The United States special envoy Sol Linowitz, said on Thursday (4 September) that very considerable progress had been made in reviving the Middle East peace process.
GV Egyptian and American officials walk with U.S. Envoy, Mr Linowitz towards open air rostrum to meet Mr Anwar Sadat, Egyptian President
SV Sadat and Linowitz embracing on meeting
GV Audience seated at open air news conference with official at front table (3 shots)
SV INTERIOR Mr Linowitz and Mr Sadat seated during discussions at Presidential residence (3 shots)
SV EXTERIOR Linowitz making speech to press after discussions. Speech in English
LINOWITZ: "Ladies and Gentlemen, on behalf of President Sadat and Prime Minister, Begin, I'm authorised to make the following statement. First, both parties are agreed that they are and remain firmly committed to the Camp. David accord and process and are convinced that they offer the only viable path towards comprehensive peace in the Middle East. Both are determined to see the process through to a successful conclusion regardless of temporary difficulties that may arise along the way. Second, the parties recognise that for the negotiations to succeed they must rest on a firm foundation of mutual trust and friendship and they under-take to strengthen that foundation in the coming weeks."
Script is copyright Reuters Limited. All rights reserved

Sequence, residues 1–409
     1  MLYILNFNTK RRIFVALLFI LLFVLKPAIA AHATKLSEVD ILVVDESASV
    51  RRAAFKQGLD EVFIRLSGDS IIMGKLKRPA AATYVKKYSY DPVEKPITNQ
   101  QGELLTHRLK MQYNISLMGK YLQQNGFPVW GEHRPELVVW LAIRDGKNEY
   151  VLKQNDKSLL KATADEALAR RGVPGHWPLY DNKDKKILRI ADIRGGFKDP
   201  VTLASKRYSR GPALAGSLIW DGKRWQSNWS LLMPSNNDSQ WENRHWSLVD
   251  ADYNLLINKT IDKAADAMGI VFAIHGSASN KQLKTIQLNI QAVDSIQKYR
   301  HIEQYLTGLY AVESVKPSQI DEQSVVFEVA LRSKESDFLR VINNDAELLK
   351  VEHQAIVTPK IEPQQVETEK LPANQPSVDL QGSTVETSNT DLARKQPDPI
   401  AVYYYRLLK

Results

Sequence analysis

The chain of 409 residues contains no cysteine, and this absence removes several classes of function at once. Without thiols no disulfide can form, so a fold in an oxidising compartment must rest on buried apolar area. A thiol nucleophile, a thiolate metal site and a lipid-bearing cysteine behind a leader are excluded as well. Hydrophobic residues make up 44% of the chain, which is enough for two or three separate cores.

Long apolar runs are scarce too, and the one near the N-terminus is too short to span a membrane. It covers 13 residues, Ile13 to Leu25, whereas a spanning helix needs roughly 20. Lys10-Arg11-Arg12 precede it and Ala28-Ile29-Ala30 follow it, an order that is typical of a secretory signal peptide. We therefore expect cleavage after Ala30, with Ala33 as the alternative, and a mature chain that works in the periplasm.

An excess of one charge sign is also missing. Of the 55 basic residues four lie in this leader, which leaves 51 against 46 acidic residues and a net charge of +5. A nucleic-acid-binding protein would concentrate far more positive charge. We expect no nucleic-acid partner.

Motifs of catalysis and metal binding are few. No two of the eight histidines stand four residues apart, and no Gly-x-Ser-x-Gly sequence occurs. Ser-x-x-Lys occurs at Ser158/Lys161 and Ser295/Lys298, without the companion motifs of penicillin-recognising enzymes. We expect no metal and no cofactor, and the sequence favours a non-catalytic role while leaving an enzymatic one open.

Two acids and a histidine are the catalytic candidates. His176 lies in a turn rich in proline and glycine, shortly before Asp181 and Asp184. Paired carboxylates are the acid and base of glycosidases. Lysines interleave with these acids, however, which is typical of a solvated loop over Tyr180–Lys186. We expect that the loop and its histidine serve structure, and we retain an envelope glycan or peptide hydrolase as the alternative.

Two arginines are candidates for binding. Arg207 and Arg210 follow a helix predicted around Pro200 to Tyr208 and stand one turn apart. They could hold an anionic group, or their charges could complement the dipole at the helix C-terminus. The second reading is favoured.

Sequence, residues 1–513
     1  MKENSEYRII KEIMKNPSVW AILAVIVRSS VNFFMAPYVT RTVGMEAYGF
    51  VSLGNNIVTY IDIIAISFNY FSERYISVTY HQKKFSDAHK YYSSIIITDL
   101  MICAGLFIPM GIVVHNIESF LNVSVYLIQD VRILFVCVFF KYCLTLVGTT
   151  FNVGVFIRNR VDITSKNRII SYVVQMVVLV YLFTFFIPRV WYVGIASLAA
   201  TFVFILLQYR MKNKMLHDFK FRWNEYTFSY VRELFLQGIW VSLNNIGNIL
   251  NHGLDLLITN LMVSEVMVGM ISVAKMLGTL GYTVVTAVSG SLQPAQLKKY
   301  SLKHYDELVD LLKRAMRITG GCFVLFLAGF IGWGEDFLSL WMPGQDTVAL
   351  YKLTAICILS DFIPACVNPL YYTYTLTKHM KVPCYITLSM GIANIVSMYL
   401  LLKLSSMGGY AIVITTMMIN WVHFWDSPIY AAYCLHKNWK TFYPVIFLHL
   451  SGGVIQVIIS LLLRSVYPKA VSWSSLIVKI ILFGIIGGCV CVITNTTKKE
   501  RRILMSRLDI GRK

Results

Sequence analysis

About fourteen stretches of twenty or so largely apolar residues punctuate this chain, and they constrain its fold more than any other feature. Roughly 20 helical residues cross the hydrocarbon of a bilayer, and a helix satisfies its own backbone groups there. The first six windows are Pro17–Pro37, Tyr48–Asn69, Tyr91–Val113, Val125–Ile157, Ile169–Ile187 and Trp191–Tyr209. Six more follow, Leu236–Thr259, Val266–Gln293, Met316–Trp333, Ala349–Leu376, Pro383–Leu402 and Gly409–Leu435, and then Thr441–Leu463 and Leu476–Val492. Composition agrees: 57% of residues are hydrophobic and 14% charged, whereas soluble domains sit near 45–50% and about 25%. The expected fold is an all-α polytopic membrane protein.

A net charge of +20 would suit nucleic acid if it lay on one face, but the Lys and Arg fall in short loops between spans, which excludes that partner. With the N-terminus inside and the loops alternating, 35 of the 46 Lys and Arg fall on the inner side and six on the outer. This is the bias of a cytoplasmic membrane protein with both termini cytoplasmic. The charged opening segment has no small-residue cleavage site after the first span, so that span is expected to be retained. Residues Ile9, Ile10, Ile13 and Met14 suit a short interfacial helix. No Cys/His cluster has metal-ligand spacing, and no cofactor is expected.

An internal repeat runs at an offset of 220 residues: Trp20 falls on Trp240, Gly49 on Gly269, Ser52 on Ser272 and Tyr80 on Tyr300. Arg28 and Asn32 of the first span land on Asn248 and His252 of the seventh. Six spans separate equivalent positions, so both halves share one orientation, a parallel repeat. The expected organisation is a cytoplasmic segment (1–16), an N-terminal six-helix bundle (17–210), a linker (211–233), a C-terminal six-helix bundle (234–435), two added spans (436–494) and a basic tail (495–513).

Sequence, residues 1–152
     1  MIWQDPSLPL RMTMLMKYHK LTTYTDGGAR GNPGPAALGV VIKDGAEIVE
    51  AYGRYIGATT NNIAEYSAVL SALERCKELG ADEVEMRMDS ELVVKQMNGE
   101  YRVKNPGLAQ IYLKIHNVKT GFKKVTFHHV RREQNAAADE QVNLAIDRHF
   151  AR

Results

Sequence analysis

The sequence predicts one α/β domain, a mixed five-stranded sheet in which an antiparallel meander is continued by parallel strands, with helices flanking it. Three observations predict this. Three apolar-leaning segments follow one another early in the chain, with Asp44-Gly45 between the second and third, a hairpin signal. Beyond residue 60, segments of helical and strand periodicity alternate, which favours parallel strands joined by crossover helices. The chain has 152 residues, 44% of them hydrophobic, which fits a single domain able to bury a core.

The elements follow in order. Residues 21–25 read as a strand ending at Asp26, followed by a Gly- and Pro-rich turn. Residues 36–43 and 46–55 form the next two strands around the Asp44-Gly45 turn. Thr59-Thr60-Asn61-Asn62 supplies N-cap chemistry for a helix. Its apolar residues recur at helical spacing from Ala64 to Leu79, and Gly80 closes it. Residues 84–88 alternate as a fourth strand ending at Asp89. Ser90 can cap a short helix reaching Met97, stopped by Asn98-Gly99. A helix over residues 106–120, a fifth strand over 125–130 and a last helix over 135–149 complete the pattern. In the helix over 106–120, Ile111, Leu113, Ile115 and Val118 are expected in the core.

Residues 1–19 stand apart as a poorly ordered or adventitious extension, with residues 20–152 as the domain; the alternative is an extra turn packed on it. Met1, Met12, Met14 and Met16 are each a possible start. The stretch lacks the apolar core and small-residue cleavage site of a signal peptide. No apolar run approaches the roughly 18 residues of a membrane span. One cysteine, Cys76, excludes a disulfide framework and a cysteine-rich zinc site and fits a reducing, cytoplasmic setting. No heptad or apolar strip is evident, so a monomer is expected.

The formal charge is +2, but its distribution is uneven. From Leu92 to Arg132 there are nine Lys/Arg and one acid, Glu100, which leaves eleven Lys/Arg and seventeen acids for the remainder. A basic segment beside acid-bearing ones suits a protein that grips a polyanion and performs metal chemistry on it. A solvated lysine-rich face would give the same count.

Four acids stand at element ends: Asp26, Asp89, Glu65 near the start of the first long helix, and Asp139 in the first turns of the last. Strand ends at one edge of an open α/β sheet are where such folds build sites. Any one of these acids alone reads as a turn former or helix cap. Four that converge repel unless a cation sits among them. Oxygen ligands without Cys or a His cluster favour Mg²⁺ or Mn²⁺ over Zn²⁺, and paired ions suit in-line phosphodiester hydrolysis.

Background: The United States special envoy Sol Linowitz, said on Thursday (4 September) that very considerable progress had been made in reviving the Middle East peace process. He made the comments before leaving for home after his missions to Israel and Egypt. Mr Linowitz had, the day before, secured Egyptian President Anwar Sadat's agreement to resume consultations with Israel.
SYNOPSIS: U.S. Envoy and his visiting team of government officials arrived in the Egyptian city of Alexandria following three days of negotiations in Israel.
Mr Linowitz had a 50-minute meeting with President Sadat and said later that the two Middle east countries had agreed to re-open their negotiations and participate in a three-way summit with the United States.
The Americans are hoping that the talks can begin within a matter of weeks although senior Egyptian officials suggested that it could take longer.
the starting date for the talks was one matter given close attention during the meeting with Mr Sadat. He and mr Linowitz also agreed that the three-party discussions would be a mixture of negotiations on Palestinian autonomy and preparations for another Camp David-style Summit. Afterwards, Mr Linowitz spoke to reporters.